Virulence represents the ability of a microorganism to damage a host[34], and C. albicans possesses a panoply of virulence factors[35]. One of the most important factors is dimorphism (already mentioned), which represents the ability of C. albicans to change its shape from yeast to mold, with subsequent formation of true hyphae under favorable conditions. The latter trait significantly increases its invasiveness and proteolytic activity; however, in yeast form, it shows the propensity for greater dissemination[36]. Genes that are important for these activities are ALS3, SAP4-6, HWP1, HYR1, and ECE1, and their expression can be variable[37], while SAP1 and SAP3 and SAP8 genes have been correlated with vaginal infections[38].

In the first phase of the infection, which is the adhesion phase, adhesins and invasins allow C. albicans cells to adhere to the substrate, forming a basal layer of cells[39]. Adhesins are glycoproteins that enable yeast to adhere to epithelial and endothelial cells[40]. Invasins are specialized proteins by which C. albicans stimulates host cells towards endocytosis by binding to host cell ligands[41]. The target ligands are E-cadherin on epithelial cells and N-cadherin on endothelial cells[42]. Numerous genes are involved in adhesion to epithelial cells, and the large cell surface area of the glycoprotein encodes eight genes belonging to the C. albicans agglutinin-like sequence family[43].

Biofilm production is recognized as a crucial virulence factor (Table 2)[44]. In the proliferation stage of C. albicans cells, filaments are formed, in which yeast cells begin to develop filamentous hyphae. That is the most critical step in which cells can change their morphology, facilitating in turn biofilm formation on the mucosal surfaces of the host[45,46]. The biofilm formation process is controlled by six genes (EFG1, BCR1, BRG1, NDT80, TEC1, and ROB1) that belong to the transcriptional regulatory network[47,48].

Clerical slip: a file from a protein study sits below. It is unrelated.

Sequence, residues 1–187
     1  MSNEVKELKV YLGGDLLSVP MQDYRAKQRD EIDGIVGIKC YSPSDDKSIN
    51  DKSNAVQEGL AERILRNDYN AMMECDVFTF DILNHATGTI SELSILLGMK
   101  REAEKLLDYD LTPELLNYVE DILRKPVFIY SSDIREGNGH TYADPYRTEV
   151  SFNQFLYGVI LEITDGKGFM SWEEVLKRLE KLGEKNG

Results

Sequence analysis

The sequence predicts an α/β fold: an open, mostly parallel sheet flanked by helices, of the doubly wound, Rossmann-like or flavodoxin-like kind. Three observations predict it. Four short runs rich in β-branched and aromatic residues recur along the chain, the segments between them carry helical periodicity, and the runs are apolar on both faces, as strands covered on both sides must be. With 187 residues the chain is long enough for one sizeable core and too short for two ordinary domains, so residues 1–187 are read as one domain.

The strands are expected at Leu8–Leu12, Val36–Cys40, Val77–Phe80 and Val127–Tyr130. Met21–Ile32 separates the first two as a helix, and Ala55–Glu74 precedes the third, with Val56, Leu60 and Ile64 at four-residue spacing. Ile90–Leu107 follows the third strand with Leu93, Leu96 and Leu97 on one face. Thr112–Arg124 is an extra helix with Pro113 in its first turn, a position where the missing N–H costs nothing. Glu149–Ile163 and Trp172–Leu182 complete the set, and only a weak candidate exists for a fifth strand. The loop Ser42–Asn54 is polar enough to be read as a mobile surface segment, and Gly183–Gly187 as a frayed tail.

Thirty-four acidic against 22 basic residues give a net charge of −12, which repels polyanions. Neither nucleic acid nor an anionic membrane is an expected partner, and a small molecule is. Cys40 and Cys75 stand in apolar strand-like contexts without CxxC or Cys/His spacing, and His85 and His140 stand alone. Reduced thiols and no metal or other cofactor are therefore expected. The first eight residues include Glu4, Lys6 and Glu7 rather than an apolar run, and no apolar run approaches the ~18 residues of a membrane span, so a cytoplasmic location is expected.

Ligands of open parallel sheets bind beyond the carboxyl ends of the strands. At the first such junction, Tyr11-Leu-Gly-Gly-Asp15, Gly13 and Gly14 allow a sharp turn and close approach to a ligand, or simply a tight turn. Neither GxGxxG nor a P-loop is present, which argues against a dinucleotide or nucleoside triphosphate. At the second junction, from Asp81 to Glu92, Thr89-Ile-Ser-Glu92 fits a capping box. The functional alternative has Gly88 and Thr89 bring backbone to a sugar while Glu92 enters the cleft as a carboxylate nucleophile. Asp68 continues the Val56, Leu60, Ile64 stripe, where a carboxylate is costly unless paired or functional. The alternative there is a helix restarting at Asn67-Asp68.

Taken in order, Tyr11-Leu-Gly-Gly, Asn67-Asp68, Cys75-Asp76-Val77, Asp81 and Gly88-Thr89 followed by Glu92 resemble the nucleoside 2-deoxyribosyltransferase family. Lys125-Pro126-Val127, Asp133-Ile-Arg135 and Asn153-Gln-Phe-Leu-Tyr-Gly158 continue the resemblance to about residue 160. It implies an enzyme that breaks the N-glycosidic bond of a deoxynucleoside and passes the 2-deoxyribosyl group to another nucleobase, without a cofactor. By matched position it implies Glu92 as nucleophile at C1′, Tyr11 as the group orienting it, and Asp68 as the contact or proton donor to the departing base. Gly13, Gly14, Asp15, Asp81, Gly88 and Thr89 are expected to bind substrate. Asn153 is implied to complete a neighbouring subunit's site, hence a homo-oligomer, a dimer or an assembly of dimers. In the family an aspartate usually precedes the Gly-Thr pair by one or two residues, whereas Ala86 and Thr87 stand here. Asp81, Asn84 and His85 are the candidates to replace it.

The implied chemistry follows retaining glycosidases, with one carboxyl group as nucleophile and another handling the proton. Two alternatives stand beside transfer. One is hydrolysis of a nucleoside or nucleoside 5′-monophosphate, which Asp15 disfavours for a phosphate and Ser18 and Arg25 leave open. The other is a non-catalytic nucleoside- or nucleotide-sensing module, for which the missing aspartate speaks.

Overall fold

Table 2 Biofilm production process.
Phase Phase nameDescription
1AdherenceIn the first 3 h, individual C. albicans cells adhere to the substrate, which forms the basal layer of the biofilm
2Intermediate phaseIn 11-14 h, biofilm is shaped during this phase of cell proliferation and filamentation, in which the formation of hyphae occurs, marking the beginning of true biofilm formation
3Maturation phaseIn 20-48 h, there is a complete penetration of all layers of cells attached to the surface; extracellular polysaccharide matrix accumulates at this stage of maturation
4DispersionAfter 24 h, the final phase involves separation of non-adherent cells from the biofilm, resulting in possible development of new biofilms and dissemination in the tissue

Alongside the aforementioned virulence factors, it is also becoming clear that C. albicans isolated from patients with diabetes mellitus has more pronounced pathogenic properties[49]. Namely, the hyp-erglycemic environment, rich in carbohydrates, serves as a source of energy indispensable for producing biofilms and matrices that protect fungal cells from external influences[6]. Most pathological conditions caused by C. albicans are associated with biofilm formation on abiotic surfaces or host surfaces[50]. Yeast cells dispersed from mature biofilm are more virulent and have a more remarkable ability to adhere to surfaces to form new biofilms than planktonic ones[51]. Biofilm production also complicates treatment and contributes to high morbidity and mortality rates[52].

C. albicans can produce the cytolytic enzyme known as candidalizine, and hyphae are responsible for its secretion[44]. This enzyme plays a vital role in developing vaginal mucosal infections[53]. More specifically, candidalizine has immunomodulatory properties critical in host cell damage[54] and plays a role in neutrophil recruitment during disseminated systemic fungal infections[55].

A direct contribution to the virulence of C. albicans is the secretion of hydrolytic enzymes aspartyl proteinase and phospholipase as well as hemolysin, which all enhance pathogenic effects such as binding to host tissue and rupture of the cell membrane. As a result of their activity, the invasion of the mucosal surface is facilitated, and they are also responsible for avoiding the host’s immune response[46,56,57]. In C. albicans, at least ten members of the aspartyl proteinase gene family are present, while phospholipase has been reported in four families[58].

Finally, one of the essential contributors to C. albicans virulence is thigmotropism (contact sensing), which is regulated by extracellular calcium intake and aids significantly in spreading into host tissues and biofilm development[44].